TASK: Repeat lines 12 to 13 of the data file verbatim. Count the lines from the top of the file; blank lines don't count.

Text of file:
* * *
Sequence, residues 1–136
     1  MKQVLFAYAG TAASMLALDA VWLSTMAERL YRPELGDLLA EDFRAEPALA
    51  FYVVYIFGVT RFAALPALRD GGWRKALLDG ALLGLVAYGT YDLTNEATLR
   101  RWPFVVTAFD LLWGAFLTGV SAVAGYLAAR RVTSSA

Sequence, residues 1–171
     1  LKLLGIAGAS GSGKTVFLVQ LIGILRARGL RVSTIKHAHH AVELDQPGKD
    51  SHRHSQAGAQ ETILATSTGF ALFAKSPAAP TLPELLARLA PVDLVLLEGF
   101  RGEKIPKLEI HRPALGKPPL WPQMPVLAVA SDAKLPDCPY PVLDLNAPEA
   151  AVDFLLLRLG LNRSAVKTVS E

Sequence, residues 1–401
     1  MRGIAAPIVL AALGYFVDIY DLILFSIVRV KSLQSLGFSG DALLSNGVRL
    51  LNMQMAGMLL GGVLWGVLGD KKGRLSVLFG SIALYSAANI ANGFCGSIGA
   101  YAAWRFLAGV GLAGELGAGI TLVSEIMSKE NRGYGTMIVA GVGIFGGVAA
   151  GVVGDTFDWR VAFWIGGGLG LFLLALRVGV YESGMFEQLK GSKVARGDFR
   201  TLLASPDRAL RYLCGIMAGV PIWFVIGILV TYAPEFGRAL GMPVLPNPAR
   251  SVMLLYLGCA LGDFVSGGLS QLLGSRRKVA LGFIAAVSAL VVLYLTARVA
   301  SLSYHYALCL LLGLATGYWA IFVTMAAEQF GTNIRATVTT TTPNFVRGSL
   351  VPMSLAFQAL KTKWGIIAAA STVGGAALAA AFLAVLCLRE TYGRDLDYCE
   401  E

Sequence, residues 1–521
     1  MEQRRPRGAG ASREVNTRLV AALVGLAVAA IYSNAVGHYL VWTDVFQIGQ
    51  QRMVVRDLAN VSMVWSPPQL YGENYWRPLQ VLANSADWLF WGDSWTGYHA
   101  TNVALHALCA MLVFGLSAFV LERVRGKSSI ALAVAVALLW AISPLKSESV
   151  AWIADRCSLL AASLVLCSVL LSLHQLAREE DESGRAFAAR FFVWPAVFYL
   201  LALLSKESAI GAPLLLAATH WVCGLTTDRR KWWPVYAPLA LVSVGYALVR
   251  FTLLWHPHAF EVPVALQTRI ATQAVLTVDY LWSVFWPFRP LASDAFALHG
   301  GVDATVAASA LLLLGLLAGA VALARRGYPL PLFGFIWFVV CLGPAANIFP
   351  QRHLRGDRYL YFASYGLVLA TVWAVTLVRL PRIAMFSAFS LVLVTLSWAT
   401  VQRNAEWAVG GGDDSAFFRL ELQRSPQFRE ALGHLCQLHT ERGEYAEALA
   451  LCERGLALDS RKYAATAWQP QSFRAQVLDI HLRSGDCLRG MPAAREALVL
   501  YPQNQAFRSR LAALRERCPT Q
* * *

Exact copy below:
    51  LNMQMAGMLL GGVLWGVLGD KKGRLSVLFG SIALYSAANI ANGFCGSIGA
   101  YAAWRFLAGV GLAGELGAGI TLVSEIMSKE NRGYGTMIVA GVGIFGGVAA